Truth That Serves

Land of Broken Wings by h.koppdelaney from Flickr Creative Commons

Land of Broken Wings by h.koppdelaney from Flickr Creative Commons

The truth is important, of course, and the search and recognition of it has always been important to me. These days I feel the need to get on with it, really live my life, tie up loose ends and do what I can with what I have. When we pay enough attention, life doesn’t always have to amp up the warning signals that change is needed, yet too much navel gazing and waiting for perfection in answers can slow us down and keep us stuck.

The “truth” at age 20 can be very different than at age 40. Your “truth” is likely very different than mine. It’s a huge subjective area and I want to focus on one part of it today. Giving a nod to the truth that our attitudes, beliefs, words, habits, actions and perceptions can help shape our reality, I want to briefly address the notion that when bad things happen it’s somehow our own damn fault. We created our reality, as they’re fond of repeating like parrots in some circles and usually for a huge fee. How is that helpful? How is that kind? Is it a truth that serves in the moment, where someone is at, with what they have to work with?

It can be truth on some huge, metaphysical plane but as we’re here to be living and learning in a human lifetime, how does listening to the beating drum of “you created your illness; you can create something different” truly serve us?

Recently the self-help author Debbie Ford died after a long battle with cancer. She helped many people with her work, knew and worked with Deepak Chopra and knew a lot of those folks at Hay House, which is a large New Age publishing company. Louis Hay wrote a little blue pamphlet decades ago that matched particular diseases with “wrong thoughts, attitudes and emotions”. While the physical, emotional, mental and spiritual aspects of our lives are connected, it isn’t that simple and formulaic.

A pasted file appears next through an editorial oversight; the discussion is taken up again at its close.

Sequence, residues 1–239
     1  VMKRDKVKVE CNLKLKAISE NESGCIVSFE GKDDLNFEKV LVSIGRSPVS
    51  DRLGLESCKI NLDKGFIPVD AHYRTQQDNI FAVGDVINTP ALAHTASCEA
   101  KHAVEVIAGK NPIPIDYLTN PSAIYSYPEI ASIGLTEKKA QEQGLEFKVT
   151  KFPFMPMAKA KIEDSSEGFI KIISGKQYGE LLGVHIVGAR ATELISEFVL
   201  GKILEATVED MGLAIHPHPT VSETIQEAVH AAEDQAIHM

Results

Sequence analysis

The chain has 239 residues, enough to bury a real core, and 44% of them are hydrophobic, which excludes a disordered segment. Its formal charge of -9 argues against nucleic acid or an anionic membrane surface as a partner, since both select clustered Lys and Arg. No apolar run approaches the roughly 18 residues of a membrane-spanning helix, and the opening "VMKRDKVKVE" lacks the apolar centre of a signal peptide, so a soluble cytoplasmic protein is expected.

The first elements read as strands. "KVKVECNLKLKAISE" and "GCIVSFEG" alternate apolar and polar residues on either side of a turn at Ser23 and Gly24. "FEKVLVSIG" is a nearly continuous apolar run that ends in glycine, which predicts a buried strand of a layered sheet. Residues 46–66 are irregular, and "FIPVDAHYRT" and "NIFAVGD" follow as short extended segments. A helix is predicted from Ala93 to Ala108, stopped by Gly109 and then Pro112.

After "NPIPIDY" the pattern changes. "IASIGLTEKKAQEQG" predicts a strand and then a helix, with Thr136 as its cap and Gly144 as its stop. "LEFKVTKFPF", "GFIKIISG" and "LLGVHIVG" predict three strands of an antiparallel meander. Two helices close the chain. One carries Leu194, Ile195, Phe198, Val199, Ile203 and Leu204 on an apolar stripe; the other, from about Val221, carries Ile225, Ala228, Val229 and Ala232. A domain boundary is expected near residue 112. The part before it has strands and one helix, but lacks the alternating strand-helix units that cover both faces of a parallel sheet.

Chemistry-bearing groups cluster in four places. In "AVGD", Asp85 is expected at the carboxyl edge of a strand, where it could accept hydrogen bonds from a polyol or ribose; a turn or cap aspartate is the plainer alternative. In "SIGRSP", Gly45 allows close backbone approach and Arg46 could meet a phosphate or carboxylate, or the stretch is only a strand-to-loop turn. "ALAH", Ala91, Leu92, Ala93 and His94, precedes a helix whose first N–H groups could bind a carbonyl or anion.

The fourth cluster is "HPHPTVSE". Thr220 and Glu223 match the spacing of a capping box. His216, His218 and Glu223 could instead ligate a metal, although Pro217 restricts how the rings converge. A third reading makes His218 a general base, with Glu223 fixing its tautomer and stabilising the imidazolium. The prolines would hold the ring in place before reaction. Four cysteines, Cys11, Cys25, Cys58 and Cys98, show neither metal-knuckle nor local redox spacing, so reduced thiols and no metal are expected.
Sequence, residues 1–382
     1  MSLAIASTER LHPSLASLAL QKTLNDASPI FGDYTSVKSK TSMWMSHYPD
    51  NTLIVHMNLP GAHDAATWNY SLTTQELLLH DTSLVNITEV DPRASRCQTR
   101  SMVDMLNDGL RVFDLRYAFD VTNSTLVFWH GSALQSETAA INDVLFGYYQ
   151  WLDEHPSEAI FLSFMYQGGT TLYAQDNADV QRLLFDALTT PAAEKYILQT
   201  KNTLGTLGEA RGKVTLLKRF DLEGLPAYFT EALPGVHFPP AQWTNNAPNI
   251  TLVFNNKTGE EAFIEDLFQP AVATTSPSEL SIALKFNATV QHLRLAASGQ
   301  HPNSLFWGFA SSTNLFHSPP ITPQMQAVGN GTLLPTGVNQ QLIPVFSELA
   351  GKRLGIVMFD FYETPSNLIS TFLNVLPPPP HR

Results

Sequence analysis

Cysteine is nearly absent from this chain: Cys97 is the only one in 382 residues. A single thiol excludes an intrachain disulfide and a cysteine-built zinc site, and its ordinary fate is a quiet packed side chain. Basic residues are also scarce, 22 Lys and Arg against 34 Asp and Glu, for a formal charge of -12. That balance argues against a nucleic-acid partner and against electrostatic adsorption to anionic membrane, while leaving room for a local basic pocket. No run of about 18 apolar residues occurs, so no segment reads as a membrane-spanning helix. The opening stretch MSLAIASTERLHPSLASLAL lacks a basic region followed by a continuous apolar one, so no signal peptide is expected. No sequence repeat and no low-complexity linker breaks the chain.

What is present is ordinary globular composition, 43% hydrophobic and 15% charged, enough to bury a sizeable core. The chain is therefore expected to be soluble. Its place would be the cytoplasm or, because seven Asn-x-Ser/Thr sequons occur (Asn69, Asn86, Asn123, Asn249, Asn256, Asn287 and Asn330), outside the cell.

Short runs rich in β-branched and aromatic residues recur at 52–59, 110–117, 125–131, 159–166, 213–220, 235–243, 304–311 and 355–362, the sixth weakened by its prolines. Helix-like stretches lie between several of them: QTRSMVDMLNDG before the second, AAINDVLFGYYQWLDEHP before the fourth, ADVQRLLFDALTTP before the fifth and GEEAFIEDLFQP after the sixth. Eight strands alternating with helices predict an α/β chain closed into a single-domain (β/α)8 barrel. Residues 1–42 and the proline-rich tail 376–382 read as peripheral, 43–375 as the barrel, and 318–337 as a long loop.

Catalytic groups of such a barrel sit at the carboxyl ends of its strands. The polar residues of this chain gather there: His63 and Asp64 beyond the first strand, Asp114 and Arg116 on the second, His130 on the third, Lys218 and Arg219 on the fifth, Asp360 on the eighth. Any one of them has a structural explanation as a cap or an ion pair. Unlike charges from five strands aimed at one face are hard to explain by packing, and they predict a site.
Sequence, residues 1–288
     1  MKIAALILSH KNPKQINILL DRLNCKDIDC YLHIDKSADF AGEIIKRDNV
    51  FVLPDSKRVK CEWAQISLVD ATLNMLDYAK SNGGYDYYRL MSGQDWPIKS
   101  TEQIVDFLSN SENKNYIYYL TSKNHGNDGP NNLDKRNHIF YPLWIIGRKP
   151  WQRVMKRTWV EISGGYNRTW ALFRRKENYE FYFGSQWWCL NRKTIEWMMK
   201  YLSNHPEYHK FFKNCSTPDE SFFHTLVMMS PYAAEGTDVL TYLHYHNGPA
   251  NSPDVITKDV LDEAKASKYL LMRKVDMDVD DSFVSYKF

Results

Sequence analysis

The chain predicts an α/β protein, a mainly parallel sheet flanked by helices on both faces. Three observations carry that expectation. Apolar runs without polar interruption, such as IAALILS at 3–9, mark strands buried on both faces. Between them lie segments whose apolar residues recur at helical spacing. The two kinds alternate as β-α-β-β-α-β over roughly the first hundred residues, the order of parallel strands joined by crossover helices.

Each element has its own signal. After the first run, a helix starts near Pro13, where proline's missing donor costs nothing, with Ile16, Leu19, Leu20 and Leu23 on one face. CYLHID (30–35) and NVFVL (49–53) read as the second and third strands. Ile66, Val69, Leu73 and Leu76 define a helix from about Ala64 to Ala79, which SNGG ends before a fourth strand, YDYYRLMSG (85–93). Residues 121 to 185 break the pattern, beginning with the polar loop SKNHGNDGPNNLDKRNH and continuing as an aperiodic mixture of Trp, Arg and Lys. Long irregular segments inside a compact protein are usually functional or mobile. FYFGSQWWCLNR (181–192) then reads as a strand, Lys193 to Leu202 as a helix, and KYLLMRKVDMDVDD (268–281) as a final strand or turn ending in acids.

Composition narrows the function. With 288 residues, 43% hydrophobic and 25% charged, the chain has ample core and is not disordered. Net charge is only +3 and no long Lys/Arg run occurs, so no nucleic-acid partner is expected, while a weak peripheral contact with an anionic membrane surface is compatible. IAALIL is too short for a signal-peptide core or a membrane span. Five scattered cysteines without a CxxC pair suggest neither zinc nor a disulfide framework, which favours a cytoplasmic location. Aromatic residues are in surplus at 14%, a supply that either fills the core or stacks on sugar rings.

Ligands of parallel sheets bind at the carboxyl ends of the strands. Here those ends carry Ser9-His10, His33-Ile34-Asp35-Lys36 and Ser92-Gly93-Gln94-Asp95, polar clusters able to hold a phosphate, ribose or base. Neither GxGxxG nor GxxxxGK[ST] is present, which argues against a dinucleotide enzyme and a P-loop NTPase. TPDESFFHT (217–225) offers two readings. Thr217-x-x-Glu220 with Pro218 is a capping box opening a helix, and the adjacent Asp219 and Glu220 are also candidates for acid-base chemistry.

Like many people, I’ve subscribed to e-zines and such for topics that I have a deep or passing interest in. Most of them I never open. One of them is a weekly e-mail from life coach, author and speaker Cheryl Richardson, which this week mentioned Debbie Ford in the subject line. I opened this one.

Richardson got to spend some time with Debbie Ford in the last few days of her life. This quote is taken from the newsletter:

“Death is a doorway to the next stage of our spiritual lives and when we approach this doorway together, hearts and hands aligned, it becomes a profoundly healing experience for all parties involved. I’m so grateful to have had this adventure with her.

Before I left, there was one thing, in particular, that Debbie asked me to share with people as I continue to travel and teach.

‘Please tell people that they do not cause their own illness – it’s a ridiculous notion that creates so much needless pain. All illness, including my cancer, is an invitation to love ourselves more,” she insisted. And then with her signature shadow laugh, she added, “The truth is, in the end, that’s what life is all about anyway – learning to love ourselves more’.”

There’s a truth that I’m choosing and it’ll serve me better than the misinformation circulating around in some segments of our culture.